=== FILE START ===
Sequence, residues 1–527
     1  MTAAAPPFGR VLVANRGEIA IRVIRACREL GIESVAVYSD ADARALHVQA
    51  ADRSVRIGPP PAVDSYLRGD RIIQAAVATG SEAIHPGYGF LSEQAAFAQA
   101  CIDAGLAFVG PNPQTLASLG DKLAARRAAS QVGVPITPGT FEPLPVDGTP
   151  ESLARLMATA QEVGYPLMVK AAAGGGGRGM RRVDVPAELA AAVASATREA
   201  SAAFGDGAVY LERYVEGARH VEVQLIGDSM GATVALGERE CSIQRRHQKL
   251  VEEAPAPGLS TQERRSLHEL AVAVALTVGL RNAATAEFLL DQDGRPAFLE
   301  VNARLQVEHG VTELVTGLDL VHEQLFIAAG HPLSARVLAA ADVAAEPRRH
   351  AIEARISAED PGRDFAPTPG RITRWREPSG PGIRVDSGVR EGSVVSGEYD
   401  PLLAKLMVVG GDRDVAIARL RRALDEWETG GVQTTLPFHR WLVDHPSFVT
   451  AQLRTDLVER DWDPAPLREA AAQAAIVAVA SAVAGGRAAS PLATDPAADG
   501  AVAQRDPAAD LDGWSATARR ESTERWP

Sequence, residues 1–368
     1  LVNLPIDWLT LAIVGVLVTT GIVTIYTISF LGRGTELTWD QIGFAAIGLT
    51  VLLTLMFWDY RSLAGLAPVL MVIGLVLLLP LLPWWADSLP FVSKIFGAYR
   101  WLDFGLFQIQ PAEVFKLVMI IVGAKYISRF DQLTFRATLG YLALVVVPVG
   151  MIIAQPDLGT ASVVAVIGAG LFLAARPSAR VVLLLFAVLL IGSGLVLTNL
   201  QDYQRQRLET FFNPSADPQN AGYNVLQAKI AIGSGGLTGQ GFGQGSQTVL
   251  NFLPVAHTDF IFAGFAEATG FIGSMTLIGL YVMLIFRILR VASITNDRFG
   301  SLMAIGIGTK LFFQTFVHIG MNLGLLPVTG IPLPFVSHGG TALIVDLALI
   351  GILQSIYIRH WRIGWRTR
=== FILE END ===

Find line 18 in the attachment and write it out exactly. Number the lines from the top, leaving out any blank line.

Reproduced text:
   201  QDYQRQRLET FFNPSADPQN AGYNVLQAKI AIGSGGLTGQ GFGQGSQTVL